Scratching the Surface on Corrosion Testing of Automotive Coatings
Exposure to road salts, UV radiation, heat, moisture and chipping from kicked-up road debris can quickly degrade an automotive coating system. To continually improve coating performance, companies seek to mimic and accelerate real-life exposure conditions in the laboratory.
Recent years have seen a marked improvement in automotive coatings technology, and laboratory testing has played a key role.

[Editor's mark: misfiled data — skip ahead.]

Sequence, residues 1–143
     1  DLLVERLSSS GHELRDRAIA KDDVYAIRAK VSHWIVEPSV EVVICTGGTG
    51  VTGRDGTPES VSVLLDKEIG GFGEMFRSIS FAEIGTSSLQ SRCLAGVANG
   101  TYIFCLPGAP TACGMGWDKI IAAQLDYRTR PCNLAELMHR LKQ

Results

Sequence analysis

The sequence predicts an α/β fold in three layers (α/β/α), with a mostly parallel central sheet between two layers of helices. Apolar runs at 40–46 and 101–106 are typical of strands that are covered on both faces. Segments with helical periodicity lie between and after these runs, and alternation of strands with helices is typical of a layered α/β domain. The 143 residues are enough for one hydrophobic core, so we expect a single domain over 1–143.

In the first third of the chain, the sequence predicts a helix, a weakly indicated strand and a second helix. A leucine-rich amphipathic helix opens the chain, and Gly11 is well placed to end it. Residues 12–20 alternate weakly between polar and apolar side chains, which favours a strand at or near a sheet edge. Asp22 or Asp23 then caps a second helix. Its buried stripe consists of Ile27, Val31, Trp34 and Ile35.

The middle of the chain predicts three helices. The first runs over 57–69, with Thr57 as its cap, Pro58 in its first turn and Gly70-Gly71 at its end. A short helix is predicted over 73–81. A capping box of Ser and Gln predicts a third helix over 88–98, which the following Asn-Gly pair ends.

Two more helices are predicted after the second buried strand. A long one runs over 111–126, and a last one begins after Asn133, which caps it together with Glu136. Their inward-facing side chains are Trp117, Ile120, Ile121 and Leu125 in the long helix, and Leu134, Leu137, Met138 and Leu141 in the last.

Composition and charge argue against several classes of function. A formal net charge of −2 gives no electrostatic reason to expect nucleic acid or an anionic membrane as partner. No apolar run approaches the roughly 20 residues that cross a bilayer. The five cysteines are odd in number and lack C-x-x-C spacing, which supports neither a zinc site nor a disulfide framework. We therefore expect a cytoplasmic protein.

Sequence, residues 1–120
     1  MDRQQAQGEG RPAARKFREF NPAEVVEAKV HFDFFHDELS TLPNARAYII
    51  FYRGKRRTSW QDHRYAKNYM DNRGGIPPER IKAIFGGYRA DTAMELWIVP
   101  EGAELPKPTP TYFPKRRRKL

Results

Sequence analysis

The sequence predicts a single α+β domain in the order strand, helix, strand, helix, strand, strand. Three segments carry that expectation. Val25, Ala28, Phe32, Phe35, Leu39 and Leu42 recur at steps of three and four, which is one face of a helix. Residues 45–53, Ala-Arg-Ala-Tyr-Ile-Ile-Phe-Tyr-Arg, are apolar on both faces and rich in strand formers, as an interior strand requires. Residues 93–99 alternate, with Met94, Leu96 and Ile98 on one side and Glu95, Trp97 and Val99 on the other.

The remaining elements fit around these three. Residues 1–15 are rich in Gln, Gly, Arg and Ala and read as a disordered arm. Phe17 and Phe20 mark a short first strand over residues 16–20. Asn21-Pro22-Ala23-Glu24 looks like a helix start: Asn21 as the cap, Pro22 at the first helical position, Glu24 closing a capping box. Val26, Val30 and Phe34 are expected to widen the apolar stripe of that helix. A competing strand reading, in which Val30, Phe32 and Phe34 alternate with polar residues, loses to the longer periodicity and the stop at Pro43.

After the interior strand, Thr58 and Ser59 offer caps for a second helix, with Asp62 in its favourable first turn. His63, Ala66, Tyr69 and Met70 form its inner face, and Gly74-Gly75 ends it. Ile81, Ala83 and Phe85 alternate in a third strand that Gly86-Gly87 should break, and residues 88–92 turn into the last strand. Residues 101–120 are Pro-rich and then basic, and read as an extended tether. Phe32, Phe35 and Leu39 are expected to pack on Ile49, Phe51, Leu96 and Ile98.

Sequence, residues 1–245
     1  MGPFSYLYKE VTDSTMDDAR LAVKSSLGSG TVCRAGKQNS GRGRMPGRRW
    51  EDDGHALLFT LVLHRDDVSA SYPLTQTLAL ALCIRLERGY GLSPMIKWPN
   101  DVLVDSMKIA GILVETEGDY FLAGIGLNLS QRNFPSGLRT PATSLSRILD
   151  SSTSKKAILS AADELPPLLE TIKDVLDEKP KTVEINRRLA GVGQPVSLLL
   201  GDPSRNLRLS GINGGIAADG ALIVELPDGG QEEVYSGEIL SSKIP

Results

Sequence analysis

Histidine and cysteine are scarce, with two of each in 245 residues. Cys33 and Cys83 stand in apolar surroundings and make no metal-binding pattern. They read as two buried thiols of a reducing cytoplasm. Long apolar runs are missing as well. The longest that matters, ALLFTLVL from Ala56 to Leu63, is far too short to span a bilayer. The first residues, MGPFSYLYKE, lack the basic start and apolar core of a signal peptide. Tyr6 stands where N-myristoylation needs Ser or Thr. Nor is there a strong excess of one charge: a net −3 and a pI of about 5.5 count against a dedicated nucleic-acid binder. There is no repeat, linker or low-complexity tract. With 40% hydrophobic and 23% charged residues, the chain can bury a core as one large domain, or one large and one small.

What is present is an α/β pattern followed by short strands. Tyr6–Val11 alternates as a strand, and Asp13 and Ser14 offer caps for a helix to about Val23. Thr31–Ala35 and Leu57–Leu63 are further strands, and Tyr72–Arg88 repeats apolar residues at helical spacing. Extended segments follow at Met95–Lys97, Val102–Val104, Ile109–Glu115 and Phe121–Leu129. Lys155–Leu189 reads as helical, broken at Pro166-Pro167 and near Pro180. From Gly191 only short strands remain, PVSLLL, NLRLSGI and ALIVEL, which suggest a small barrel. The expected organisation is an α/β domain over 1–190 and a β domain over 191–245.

A common test involves the purposeful damage of the coating layer to determine a property referred to as rust creep, a quantitative measure of how far the corrosion travels along the substrate/coating interface to either side of a mechanically-induced scratch during exposure to a corrosive environment—typically a neutral salt spray or cycle corrosion test. Rust creep results are used to determine whether a coating process meets the automotive manufacturer’s stringent requirements.
The scribing process can be performed on standardized flat test panels, or on the actual automotive component, if size and geometry permit. Some test specifications call for a single linear scribe, whereas others specify an intersecting set of two scribes, such as seen in Figure 1.